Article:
Cabling for LAN and Premise Architecture

July 31, 2013 at 10:00 AM

 

Diagram of Wiring Closet Rack

It's hard to fathom just how quickly Ethernet technology has grown. Today no modern office building would be functional without premise wiring, or the cabling run throughout the building to connect computers to the LAN.

 

We may be on the verge of a wireless revolution with new technologies like DAS and MESH, but for now you should at least understand the basic architecture of LAN cabling.

 

LAN wiring is often broken into three types: backbone, horizontal runs, and patch cabling, each with its own purpose and requirements. In an especially large building or in a campus of buildings, the backbone is the wiring that connects server locations together and to the Internet through an ISP. Since a large amount of data may be carried back and forth by these cables, they are typically designed for bandwidth, like T1 lines or fiber optic cables (usually multi-fiber lines like breakout or distribution style, or even ribbon fibers).

 

Close Up View of Solid Conductor Category-rated Cable

The horizontal runs are the individual cables coming from the servers to the Work Areas. Work Areas are the points where the cable is terminated in a wall plate or jack so a user can plug their computer or other device into it.

 

It is often deceptive to assume that a single horizontal run will connect to a single computer. More likely than not, it is connected into a local Ethernet switch or wireless access point, and many computers may be connected to that. For this reason, the actual data carried on a single horizontal cable could vary greatly, and if you are planning your LAN architecture, this is the trickiest thing to get right. It can also be the most expensive piece to change if you get it wrong as you may need to fish the cable back out of a wall or conduit to re-arrange it.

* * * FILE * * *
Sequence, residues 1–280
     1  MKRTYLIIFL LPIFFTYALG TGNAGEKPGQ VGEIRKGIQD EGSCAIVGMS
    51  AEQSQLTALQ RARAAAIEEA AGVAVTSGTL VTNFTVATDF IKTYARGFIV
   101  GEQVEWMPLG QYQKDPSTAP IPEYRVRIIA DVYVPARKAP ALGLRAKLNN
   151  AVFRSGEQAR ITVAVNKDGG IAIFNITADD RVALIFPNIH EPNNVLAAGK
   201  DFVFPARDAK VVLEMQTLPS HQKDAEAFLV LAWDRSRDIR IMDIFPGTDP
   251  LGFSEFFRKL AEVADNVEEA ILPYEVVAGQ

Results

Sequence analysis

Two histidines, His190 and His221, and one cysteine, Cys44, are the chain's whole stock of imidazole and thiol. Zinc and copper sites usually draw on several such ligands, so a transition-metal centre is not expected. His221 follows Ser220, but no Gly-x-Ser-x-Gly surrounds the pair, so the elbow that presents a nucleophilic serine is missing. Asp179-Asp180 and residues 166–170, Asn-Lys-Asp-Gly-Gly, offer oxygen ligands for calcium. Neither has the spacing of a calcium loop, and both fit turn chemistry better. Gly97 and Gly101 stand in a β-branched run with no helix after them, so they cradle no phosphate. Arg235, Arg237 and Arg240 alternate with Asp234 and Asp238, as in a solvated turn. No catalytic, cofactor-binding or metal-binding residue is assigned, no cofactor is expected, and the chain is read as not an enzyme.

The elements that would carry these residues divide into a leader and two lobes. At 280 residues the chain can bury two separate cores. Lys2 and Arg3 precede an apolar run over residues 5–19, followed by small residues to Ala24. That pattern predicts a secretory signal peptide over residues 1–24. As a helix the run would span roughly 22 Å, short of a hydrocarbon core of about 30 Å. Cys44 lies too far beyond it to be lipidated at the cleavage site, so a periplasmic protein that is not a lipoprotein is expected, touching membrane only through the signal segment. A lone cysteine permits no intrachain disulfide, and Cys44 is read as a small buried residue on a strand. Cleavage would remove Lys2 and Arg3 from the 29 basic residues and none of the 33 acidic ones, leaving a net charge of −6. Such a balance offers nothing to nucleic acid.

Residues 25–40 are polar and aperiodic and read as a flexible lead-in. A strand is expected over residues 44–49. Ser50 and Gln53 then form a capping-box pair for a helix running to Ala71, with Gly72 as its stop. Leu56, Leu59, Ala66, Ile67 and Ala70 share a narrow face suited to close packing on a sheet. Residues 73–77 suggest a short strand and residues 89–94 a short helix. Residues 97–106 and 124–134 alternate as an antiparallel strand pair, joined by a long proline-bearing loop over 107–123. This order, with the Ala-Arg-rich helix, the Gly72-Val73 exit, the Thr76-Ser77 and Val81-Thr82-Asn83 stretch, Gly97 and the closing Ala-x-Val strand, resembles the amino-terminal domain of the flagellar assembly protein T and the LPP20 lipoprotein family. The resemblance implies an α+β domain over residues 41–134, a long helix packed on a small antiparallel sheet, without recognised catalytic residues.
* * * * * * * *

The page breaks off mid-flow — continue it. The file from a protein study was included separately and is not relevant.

Horizontal runs are currently most often solid-conductor Category rated copper cable. This is slowly changing over to fiber optic cabling as the price gap between the two narrows and fiber optic technology improves. Note that the horizontal cable may also require special jacket types to comply with building fire codes.

 

Right Angle Ethernet Cable Assembly

The patch cabling in a LAN is often overlooked, but is also very important. In general it is used to connect two devices together in a rack in a server room, or to connect a device to a wall jack where a horizontal cable is terminated. Being exposed (not behind a wall or on a rack ladder) and possibly being moved frequently, a patch cable needs to be robust and flexible.

 

While patch cables are easily available and can be bought relatively cheap, you might want to consider that cheap cables may introduce problems to your LAN. Cheap cables often use substitute materials such as copper clad aluminum or feature low quality plugs not rated for the application. Cheap cables seldom pass the testing required for the network and will degrade your network performance.